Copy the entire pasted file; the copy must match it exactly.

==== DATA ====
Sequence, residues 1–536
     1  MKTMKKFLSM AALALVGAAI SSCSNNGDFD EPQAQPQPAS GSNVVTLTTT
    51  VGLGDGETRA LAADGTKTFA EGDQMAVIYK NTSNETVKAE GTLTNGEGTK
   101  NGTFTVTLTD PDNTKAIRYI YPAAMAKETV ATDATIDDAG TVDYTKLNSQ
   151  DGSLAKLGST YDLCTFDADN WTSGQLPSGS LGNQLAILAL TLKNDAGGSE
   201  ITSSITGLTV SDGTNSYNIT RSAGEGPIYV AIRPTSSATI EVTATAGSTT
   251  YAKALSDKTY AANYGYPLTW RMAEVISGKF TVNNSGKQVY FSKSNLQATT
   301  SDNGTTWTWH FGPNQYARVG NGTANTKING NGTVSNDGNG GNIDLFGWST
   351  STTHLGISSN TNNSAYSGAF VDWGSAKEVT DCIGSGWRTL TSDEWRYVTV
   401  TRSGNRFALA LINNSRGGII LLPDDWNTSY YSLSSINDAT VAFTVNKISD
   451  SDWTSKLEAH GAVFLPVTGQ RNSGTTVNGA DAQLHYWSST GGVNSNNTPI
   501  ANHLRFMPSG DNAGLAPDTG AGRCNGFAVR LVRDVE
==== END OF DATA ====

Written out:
Sequence, residues 1–536
     1  MKTMKKFLSM AALALVGAAI SSCSNNGDFD EPQAQPQPAS GSNVVTLTTT
    51  VGLGDGETRA LAADGTKTFA EGDQMAVIYK NTSNETVKAE GTLTNGEGTK
   101  NGTFTVTLTD PDNTKAIRYI YPAAMAKETV ATDATIDDAG TVDYTKLNSQ
   151  DGSLAKLGST YDLCTFDADN WTSGQLPSGS LGNQLAILAL TLKNDAGGSE
   201  ITSSITGLTV SDGTNSYNIT RSAGEGPIYV AIRPTSSATI EVTATAGSTT
   251  YAKALSDKTY AANYGYPLTW RMAEVISGKF TVNNSGKQVY FSKSNLQATT
   301  SDNGTTWTWH FGPNQYARVG NGTANTKING NGTVSNDGNG GNIDLFGWST
   351  STTHLGISSN TNNSAYSGAF VDWGSAKEVT DCIGSGWRTL TSDEWRYVTV
   401  TRSGNRFALA LINNSRGGII LLPDDWNTSY YSLSSINDAT VAFTVNKISD
   451  SDWTSKLEAH GAVFLPVTGQ RNSGTTVNGA DAQLHYWSST GGVNSNNTPI
   501  ANHLRFMPSG DNAGLAPDTG AGRCNGFAVR LVRDVE